How to sow seeds indoors

How to sow seeds indoors

Sowing seeds indoors is a great way to get a head start on your gardening year while it’s still too cold to sow outdoors. Seeds sown indoors get all the warmth, moisture and light they need to germinate, and it’s also a great way to protect young seedlings from pests such as slugs and snails.

Which seeds to sow indoors?

You can sow most seeds indoors, but it’s especially useful for plants with a long growing season, like tomatoes, and for tender summer-flowering annuals like cosmos. To ensure they’re big enough in summer to produce flowers and fruit, they need to be sown early in the year and grown in a protected environment until it’s warm enough to plant them outside.

Where to sow seeds indoors?

A greenhouse with a heated propagation bench is the Rolls-Royce of indoor seed sowing. It’s ideal for all sorts of seeds, but especially tender plants like begonias, which need warmth to germinate and grow on.

A heated propagator is like a miniature version of a greenhouse propagator bench, using an electrically powered heating mat controlled by a thermostat. Some are small enough to fit on a windowsill, so they’re ideal for gardeners short on space.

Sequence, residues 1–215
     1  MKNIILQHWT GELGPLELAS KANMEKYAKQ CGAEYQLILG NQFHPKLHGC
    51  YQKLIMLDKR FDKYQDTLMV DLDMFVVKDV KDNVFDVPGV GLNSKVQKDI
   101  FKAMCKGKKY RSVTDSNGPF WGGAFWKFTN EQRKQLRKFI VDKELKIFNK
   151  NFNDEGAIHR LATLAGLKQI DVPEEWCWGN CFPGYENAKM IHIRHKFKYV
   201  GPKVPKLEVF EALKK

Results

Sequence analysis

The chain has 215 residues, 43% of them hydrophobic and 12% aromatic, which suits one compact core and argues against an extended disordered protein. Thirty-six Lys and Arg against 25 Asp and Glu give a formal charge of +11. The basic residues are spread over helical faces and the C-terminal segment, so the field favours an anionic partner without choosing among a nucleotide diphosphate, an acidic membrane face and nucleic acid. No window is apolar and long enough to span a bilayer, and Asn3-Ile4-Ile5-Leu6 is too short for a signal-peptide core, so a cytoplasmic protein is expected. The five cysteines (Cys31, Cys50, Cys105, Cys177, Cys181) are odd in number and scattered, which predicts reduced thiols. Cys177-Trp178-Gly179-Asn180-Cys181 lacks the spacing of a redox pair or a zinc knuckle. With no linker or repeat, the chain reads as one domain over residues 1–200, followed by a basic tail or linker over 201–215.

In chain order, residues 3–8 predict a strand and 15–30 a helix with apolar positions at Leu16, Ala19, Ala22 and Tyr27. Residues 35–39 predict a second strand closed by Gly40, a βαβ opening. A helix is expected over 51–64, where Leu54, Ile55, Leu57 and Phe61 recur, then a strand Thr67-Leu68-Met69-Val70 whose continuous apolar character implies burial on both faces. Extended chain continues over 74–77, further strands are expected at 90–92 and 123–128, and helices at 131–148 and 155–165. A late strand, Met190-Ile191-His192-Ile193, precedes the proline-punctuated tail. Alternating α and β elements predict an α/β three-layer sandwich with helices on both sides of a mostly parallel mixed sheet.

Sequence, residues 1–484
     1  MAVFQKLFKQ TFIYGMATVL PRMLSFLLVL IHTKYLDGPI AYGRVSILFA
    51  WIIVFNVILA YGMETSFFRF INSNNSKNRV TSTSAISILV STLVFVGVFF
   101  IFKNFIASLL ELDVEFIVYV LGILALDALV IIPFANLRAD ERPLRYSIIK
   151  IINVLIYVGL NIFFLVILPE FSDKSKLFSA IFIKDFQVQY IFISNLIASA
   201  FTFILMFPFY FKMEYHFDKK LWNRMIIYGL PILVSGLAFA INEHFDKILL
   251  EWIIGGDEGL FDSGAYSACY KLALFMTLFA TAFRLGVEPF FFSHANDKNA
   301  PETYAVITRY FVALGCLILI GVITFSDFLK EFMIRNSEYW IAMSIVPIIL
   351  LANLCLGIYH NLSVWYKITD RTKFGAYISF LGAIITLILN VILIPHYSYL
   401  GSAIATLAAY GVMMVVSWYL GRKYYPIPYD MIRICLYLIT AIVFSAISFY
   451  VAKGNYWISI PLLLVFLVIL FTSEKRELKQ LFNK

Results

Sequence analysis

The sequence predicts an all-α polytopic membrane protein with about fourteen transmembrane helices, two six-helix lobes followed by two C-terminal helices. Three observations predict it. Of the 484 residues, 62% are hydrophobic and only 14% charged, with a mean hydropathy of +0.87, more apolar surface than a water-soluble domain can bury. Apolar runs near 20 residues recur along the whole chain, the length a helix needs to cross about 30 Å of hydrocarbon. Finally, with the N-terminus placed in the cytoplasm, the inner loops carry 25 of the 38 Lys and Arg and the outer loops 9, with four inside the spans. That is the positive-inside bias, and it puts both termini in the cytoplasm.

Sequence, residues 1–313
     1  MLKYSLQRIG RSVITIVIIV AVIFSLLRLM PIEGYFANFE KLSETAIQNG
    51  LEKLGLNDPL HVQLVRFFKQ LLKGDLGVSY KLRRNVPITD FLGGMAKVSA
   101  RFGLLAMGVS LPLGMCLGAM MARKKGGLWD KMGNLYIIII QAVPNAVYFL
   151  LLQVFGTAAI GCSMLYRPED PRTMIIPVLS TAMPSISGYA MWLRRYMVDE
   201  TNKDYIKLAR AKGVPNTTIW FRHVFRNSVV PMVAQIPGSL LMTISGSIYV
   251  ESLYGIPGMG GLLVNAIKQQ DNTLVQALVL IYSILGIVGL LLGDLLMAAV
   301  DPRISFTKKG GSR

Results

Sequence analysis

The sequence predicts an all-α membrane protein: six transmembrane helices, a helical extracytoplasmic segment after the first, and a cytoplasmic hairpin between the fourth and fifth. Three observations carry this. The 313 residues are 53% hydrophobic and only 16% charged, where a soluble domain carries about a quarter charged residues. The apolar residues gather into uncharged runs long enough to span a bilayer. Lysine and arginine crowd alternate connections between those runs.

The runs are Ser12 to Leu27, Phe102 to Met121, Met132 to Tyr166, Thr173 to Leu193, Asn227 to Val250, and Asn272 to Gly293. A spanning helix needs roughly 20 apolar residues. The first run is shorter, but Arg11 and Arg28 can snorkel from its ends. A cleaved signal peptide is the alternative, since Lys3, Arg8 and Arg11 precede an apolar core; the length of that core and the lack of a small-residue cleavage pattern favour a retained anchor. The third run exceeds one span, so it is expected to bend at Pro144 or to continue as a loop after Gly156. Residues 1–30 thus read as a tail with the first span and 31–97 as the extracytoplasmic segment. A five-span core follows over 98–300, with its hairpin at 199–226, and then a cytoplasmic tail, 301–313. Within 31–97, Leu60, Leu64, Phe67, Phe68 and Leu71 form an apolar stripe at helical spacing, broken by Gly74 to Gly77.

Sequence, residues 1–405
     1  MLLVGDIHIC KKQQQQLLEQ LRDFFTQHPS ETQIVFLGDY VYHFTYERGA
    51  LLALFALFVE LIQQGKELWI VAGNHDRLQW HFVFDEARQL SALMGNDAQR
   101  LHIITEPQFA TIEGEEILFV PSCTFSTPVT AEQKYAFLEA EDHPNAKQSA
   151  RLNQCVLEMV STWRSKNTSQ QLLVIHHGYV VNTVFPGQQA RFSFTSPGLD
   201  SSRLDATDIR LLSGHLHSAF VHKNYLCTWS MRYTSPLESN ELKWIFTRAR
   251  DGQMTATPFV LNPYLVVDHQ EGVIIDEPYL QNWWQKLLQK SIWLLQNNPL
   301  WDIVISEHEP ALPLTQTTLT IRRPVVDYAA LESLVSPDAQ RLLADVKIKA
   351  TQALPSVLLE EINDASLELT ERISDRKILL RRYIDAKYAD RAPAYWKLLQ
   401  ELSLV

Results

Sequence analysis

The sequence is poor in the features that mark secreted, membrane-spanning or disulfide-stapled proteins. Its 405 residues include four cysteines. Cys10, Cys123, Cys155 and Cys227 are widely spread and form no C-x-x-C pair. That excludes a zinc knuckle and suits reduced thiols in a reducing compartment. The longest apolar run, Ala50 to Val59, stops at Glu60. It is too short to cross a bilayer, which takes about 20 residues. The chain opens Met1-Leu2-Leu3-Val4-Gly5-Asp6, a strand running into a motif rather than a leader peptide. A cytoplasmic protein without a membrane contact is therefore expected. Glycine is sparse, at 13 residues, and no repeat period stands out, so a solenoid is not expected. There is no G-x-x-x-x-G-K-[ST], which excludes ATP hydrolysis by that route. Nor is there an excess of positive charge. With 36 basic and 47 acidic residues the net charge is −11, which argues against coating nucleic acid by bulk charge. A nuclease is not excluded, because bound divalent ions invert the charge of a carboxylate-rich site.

An unheated propagator is essentially a seed tray with a clear lid that helps to trap warmth and increase the humidity inside the propagator. Some have ventilation holes to reduce the risk of fungal diseases. If your propagator is on a windowsill, you will need to turn it regularly (probably daily) to give your seedlings an even amount of light from all directions.

Many seeds will germinate well in pots on a sunny windowsill. Placing the pots inside clear plastic bags creates a DIY propagator, trapping in warmth and moisture to help germination. Remove the bags once the seeds have germinated to reduce the risk of fungal diseases.

What to sow seeds in?

You can sow seeds in almost any container that will hold compost and drain well. Here are some of the most commonly used:

  • Seed trays are good for sowing small seeds. The seedlings can be pricked out and potted on when large enough to handle.
  • Small pots filled with seed compost are ideal for larger seeds, such as beans, nasturtiums and sunflowers. Rinsed-out empty yoghurt pots with a few holes pierced in their bases make excellent pots for sowing seeds.
  • Module trays are plastic trays divided into rows of small cells or modules which can be filled with compost. Sow one or two seeds per module. Once the seedlings germinate, remove the compost ‘plug’ containing each seedling and pot on.
  • Root trainers are long modules specially designed for seedlings that need to produce long tap roots, such as sweet peas.


Ready to get sowing this spring? Visit our garden centre where you’ll find a fantastic range of seeds and gardening equipment to get your garden off to a great start!

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